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Pinino – producing classic Brunello with a new aesthetic

Posted by MLC on


The eye-catching orange branding of the Pinino winery in Tuscany is an immediate hint to the background of its owners. Two couples with a shared connection to the fashion industry have taken on a centuries-old vineyard near Siena and transformed it into one of the most sophisticated, quality-led wineries in Italy.

pinino-1.jpgPinino was founded in 1874, but its new era began when it was purchased in 2003 by Austrians Andrea and Hannes Gamon and Spaniards Max and Silvia Hernandez. The two couples became friends while building one of Europe’s top fashion brands, Replay Jeans, and when the business was sold, they decided to invest their capital in another shared passion – wine. As their preferred wines were Tuscan, Pinino’s location just outside of the picturesque hill town of Montalcino, home to arguably the highest expression of Italy’s famed Sangiovese grapes, Brunello di Montalcino, made it irresistible.

It was their classy and distinctive approach that caught my attention when I first met Andrea and Max at VinItaly in 2007. I was temporarily based in London at the time, studying for the Master of Wine, and attending the fair as part of the Riseccoli team from Chianti. On a walkabout, I was drawn towards the Pinino stand and got into a discussion with Max. We stayed in touch, I met with Andrea in Montalcino in 2008 and then again at VinItaly in 2010, where we finally sealed a supply deal. These things take time, but from the start I could tell that Andrea and her husband Hannes shared a similar philosophy to mine – that business can (and should) be a great mix of wine, food, travel, friends and laughter.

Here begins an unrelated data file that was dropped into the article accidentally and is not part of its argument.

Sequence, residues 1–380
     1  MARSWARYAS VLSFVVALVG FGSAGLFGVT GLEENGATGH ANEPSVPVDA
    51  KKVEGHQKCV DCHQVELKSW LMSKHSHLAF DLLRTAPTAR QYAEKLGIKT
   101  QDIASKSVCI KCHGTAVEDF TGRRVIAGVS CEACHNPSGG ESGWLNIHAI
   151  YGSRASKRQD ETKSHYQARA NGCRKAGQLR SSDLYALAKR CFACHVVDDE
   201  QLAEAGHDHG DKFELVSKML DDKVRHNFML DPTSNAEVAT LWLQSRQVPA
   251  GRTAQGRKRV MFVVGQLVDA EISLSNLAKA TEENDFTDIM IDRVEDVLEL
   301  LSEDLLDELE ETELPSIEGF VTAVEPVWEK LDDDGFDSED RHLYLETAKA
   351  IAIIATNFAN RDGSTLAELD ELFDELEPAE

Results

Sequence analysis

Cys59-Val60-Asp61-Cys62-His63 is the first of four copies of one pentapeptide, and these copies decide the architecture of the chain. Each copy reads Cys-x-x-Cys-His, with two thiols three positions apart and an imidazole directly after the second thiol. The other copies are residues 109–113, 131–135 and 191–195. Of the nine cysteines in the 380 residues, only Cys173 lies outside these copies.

It’s a combination of the favourable climate conditions of the Montalcino region and the richness of the loamy and limy soil that provide Sangiovese Grosso grapes with their unique flavour. But the contribution of the technical expertise passed down through the generations shouldn’t be underestimated. Wine production around the town was first recorded in the Middle Ages and its reputation for high quality was established in the late 19th century.

Brunello di Montalcino was one of the first wines ever to receive the designation DOC (Denominazione di Origine Controllata). It was also the first Italian wine to receive the designation DOCG (Denominazione di Origine Controllata e Garantita).

Brunello is a wine made for aging. Not released before it is four years old (two years in the barrel and then two years in the bottle) and seldom drunk for pleasure by aficionados in its first decade, as Jancis Robinson puts it, it’s “capable of ageing for ever and a day”.

pinino-barrels.jpgIts baby brother, Rosso di Montalcino, on the other hand, while also made from 100% Sangiovese Grosso, spends a shorter period in oak than the Brunello, and is usually ready for consumption within two years of harvest. It is a lighter more forward style of wine that still has the feel of Brunello.

The Gamons and Hernandez produce both from their relatively small 16 hectare of vineyards, embedded in a natural, south facing amphitheatre on the Montosoli hillside, considered one of the best positions in the northern part of Montalcino.

While Andrea and Hannes primarily take care of Pinino’s management, marketing and distribution, Max oversees the vineyards and Silvia is the winemaker, working with well-known oenologist Dr. Paolo Vaggagini.

The couples’ philospophy for the Pinino and Cupio ranges is simple. Brunello and Rosso are produced for both according to the age-old traditions of the region, finished in large barrels of Slavonian oak and brought to maturity according to a disciplined process. In the cellar, these classic methods are complemented by modern technology and the use of new fermentation tanks.

And whereas tradition takes priority in the winemaking process, Pinino’s branding and marketing is thoroughly modern, positioning them strongly on the international stage. As has recognition from some of the wine world’s top critics – Robert Parker gave the 2010 Brunello a massive 93/100, and other vintages regularly score highly with Wine Spectator and Decanter as well.

You’ll find a selection of their best here:

Oh, and a tip from the winemakers: Brunello di Montalcino unfolds its full aroma several hours after opening the bottle. As a rule of thumb, for every year of age, the wine needs one hour to develop its aroma. So a five year old Montalcino should be opened five hours before the meal. Requires patience and forward planning, but it will be worth it, we promise.


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